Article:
Wednesday, December 17, 2014

Meeting Summary, December 13, 2014, Fairfax Library Advocates

The Fairfax Library Advocates held their second formal meeting last Saturday at the Reston Regional Library.  Around twenty individuals from all over the county participated,  bringing with them their perspectives from the library staff, employee organizations and service on various Friends of Library groups. 

Recent developments include a meeting between members of the Advocates and Library Director Sam Clay and his deputies and the initial set of meetings with elected and appointed officials.  During the meeting with Director Clay, the Advocates stressed their desire to work collaboratively on areas where we can agree, but noted there were other areas where we had significant differences.  Specially, the Advocates object to the continuing destruction of books and materials through the process of culling books not checked out for two years, a time period not used by any other known library system.  The Director stated he had implemented the two year culling program and he felt this was needed to "weed" the collection.  The Advocates challenged this, stating that many of the destroyed books were of great value and were often used in the libraries without being checked out.  Specially, many art, history, religion, architecture, poetry, etc., books were being lost.  

Further, the increasing number of vacancies among Library staff is causing a deterioration of service and great hardship on the remaining librarians who must work long hours of overtime to keep the system running.  On staffing, one of the deputies stated that no qualified candidates were applying for the jobs.  The Advocates strenuously refuted this, noting there were numerous examples of hiring qualified candidates and a long line of potential applicants were available if they looked for them.    

Recent meetings with elected officials included visits with State Senators Chap Petersen and David Marsden and State Delegate Marcus Simon.  All the officials reaffirmed their commitment to strong local libraries and offered assistance. 

The Advocates expressed appreciation for the Fairfax County Federation of Citizens Associations' motion to urge our officials to endorse the proposals for the State of Virginia to declare libraries "Essential Services" and to lift the cap on resource allocation for State funds for libraries (at present Fairfax only receives support based on a population of 600,000 rather than the actual population of 1.1 million).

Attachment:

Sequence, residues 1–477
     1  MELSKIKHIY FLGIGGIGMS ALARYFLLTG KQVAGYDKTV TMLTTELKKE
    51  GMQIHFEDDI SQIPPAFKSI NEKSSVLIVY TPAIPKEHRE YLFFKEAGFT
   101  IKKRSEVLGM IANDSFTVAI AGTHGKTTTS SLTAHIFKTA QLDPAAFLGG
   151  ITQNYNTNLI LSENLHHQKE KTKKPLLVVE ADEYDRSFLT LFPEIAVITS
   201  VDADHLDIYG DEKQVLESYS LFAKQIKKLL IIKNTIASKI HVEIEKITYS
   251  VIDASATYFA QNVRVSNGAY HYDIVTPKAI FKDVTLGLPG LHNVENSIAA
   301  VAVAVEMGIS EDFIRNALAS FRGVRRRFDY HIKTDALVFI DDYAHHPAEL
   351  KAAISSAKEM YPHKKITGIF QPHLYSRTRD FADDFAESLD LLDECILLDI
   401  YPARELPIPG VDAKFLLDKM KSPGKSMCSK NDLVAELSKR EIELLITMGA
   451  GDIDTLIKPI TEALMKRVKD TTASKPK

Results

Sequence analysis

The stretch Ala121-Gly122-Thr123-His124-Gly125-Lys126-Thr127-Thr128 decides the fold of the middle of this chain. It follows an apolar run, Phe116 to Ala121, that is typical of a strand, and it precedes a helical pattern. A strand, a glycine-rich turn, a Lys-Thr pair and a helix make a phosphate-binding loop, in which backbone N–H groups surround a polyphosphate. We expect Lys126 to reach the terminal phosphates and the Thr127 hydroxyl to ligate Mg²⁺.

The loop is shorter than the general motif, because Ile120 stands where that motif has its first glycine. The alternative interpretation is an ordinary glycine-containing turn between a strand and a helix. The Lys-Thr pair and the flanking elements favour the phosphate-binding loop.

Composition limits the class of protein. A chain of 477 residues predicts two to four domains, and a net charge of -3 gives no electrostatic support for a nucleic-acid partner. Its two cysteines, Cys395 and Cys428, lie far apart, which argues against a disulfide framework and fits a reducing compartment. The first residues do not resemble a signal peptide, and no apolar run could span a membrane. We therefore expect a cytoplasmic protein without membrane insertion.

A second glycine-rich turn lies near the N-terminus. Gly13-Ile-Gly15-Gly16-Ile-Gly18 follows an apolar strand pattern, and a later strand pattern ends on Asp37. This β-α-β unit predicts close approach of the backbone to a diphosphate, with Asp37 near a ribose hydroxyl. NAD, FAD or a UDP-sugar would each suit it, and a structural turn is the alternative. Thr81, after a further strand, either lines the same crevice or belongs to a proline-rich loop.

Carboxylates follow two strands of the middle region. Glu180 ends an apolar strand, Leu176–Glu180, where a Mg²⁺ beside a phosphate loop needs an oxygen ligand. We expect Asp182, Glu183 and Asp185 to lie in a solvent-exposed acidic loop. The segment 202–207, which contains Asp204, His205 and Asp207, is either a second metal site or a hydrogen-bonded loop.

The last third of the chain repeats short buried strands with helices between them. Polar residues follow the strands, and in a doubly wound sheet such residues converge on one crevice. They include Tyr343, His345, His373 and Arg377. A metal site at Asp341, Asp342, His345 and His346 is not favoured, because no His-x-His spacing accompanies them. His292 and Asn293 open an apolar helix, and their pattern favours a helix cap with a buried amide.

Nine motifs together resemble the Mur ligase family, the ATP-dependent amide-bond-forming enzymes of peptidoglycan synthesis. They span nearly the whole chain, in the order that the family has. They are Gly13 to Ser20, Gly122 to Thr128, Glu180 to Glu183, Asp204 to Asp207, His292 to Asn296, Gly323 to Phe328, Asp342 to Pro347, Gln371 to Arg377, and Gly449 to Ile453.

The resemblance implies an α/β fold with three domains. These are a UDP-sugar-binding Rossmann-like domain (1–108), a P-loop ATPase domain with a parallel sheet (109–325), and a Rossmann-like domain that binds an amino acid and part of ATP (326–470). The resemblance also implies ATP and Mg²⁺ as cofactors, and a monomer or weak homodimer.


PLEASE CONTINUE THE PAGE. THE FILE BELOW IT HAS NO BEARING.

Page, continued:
The Advocates discussed the misinformation recently disseminated to the effect that the Federation had asked for an audit of the Friends expenditures and income.  This is not the case.  The Federation had instead asked for an audit of the "Gift Fund" that the Library Administration runs.  This is money received from daily sales by the various Friends and amounts to perhaps $100,000 a year.  This fund has never been audited. 

The Advocates were encouraged to make available new information and analysis available on the Advocates website so the public would know which programs and library services are supported by Friends of the Library groups. 

Attention must be paid to two upcoming initiatives - one on a system wide review of library use and desired services and the second on establishing the criteria for the search for a new director. 

The County Administration's proposed budget for next year is expected to be released on February 17th.  It will then go to the Board of Supervisors.  This underscores the need to reach out to and inform the Supervisors about the current state of the library.  The Advocates are expected to seek the formal opinions of various elected officials prior to the County and Statewide elections in 2015. 

The next meeting of the Advocates will be in approximately two months.

Individuals interested in learning more and helping should subscribe the Fairfax Library Advocates blog. 

Ambassador Dennis Hays, (ret.)
Acting Chair, Fairfax Library Advocates            

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